Now let me connect this to the Trinity. Not only is it the category of “man” that connects us to God, it is also the category of “relationship” that connects us to God. The relationships between the divine persons is beyond the scope of our ability to comprehend. Three-in-one is not something that exists in our experience, therefore, there is nothing to which it can be compared. It is rendered undifferentiated and unknowable. It is a mystery. However, without the incarnation, it would not be rendered knowable enough to even label it as a “mystery.” It would simply be invisible. When Jesus spoke of the Father and of “doing the Father’s will” (cg. John 14:8-14) he connected to a relationship that we know through our lived experience. Again, all of us have the category “Father/Child relationship” in our consciousness. It may not be a positive experience, and the Father/Child relationship differs from culture to culture, yet the category exists, nonetheless. Therefore, when Jesus speaks of God as Father, the idea of God having inter-divine relationships can connect to a human category that, again, (1) differentiates it in our consciousness, and (2) connects it to a category that has a high potential to be a positive one that draws us in.

Discussing the relationality of God will never explain God. ((Here, again, is the apophatic nature of theology. We must resist the temptation to declare that any model we build to discuss God is the definition of God. It cannot be that. Every model is simply a human construct that perpetuates the conversation, by which we engage in the relationships of interdependence.)) We need to give up that enterprise. However, discussing the relationality of God and relational ontology heightens our awareness that we are interdependent creatures. We are not autonomous selves, breathing our own celestial air. ((This comment “celestial air” is an idea I imagine when I think about the myth of the autonomous self. To think that we can be completely detached observers of the object is to believe that we somehow breathe different air than that which we observe. It is a dualism similar to that which separates God completely from created matter. God “breathes celestial air” as it were, thus denoting God’s distinction. We, too, then, must breathe our own celestial air if we are completely autonomous selves.)) We must realize that we exist because of the relationships we have with all things: God, the physical world of air, water, plants, animals, etc., and each other. We must think first of the other’s best interest if we are to ultimately survive.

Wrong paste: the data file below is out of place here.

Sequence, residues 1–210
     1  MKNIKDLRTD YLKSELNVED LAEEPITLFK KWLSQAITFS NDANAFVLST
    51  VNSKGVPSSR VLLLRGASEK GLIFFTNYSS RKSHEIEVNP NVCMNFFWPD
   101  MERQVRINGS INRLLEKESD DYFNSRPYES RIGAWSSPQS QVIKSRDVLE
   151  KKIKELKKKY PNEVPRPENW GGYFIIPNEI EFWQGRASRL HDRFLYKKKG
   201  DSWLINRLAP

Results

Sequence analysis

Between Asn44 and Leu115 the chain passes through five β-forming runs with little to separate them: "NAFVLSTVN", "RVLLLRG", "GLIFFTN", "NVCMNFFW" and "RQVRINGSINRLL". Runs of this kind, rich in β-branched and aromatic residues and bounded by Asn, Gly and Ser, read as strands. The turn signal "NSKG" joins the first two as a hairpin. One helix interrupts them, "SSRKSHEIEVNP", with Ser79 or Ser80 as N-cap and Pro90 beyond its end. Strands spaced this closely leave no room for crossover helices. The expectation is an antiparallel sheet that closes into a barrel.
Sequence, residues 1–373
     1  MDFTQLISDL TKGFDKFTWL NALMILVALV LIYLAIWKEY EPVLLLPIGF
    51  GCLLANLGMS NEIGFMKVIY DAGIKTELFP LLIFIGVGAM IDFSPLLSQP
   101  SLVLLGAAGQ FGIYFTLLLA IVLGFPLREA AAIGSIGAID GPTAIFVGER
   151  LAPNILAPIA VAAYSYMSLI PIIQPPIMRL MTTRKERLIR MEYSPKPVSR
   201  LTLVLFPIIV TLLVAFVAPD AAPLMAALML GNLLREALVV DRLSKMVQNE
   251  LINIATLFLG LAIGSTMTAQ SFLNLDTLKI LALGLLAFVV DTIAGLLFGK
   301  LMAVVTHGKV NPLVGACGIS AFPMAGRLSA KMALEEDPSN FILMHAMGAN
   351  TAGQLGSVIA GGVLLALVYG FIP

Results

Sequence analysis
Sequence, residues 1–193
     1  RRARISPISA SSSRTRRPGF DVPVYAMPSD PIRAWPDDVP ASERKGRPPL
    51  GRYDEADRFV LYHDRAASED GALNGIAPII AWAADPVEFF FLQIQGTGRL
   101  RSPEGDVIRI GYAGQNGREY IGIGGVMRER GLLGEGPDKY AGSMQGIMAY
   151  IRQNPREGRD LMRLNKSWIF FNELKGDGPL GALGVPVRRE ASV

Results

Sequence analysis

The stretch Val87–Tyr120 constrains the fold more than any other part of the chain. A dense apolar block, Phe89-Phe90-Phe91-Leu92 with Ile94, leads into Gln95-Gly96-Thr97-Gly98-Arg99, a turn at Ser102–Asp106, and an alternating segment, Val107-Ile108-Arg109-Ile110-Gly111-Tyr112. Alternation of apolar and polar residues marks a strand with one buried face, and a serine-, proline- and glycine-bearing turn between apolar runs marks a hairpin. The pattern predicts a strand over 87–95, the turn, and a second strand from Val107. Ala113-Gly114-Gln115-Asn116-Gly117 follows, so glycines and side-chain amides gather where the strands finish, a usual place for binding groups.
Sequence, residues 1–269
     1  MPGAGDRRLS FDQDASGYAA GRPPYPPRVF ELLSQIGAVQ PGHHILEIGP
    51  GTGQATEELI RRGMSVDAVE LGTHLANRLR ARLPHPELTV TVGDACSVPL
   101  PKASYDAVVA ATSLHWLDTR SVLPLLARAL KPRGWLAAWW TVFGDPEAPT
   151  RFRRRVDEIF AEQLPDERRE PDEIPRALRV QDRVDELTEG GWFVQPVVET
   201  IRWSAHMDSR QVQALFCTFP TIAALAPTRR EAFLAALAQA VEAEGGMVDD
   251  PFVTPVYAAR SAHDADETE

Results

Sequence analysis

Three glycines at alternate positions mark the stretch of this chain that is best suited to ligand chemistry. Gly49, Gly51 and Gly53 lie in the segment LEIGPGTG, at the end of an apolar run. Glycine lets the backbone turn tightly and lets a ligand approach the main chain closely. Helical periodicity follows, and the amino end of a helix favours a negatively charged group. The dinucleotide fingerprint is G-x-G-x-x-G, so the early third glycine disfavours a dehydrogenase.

This interdependence is true at every level of human existence. It is true within the single human body as all diverse parts must work together for the good of the entire body. It is true of the marriage relationship as each partner must submit to one another for the good of the marriage. ((It is not my intention to subtly promote the traditional nuclear family as the model of the universe. It is my lived reality, but I realize that this is culturally contextual. That said, all cultures have core relational structures as the basis of their society that correlate to the relationality of God)) It is true of the family, the local community, the nation, the world of nations, and the entire universe. It is all connected and must work for the good of the whole, setting aside personal power and gain. This, I believe, is one of the main things that Jesus taught us and demonstrated for us, and it is the mission of the church to be an example of this—to be a prophetic public companion. ((Simpson. Critical Social Theory.))

Here is the sketch played out in sequence of thought:

2 thoughts on “Why Did Jesus have to Come?”

  1. Hi Steve,
    You had asked me on Facebook whether these musings hooked up with Tillich’s correlational method. To that I think I can say: “In a way.” Let me try to say how.

    The essence of Tillich’s correlational method lies in his attempt to relate the modes of philosophical thought (thinking which strives to grasp the objectival dimensions of being) with religious thinking (which responds to the subjectival dimensions of being). The problem that Hegel and Schleiermacher left us with (says Robert Scharlemann) was the fact that even an absolute philosophical system or an absolute religious system of response to subjectivity cannot escape doubt. Correlational thinking plays each of these poles off of each other in order to avoid subjectivism or the pretensions of objective certainty. But the real solution lies in an the appearance of a paradoxical object that does not fade, but rather is established in our acts of doubting. Tillich sees this manifest in the picture of Jesus as the Christ who we can both grasp and be confronted by in the objective and subjective modes, but who actually removes himself (choosing the cross) and therefore establishing himself as the Christ. To doubt the concrete image is the first step of entering into the dynamics that the Christ himself embodies.

    So in the context of your thinking, yes, the eternal does need to be embodied in order to be approached, but this embodiment is paradoxical in that it’s fulfilled in giving away its own embodiment, thus showing forth the eternal love beyond all conceivability.

    Hope that makes “some” sense. I know it’s pretty thick stuff.

    Thanks for asking me to comment!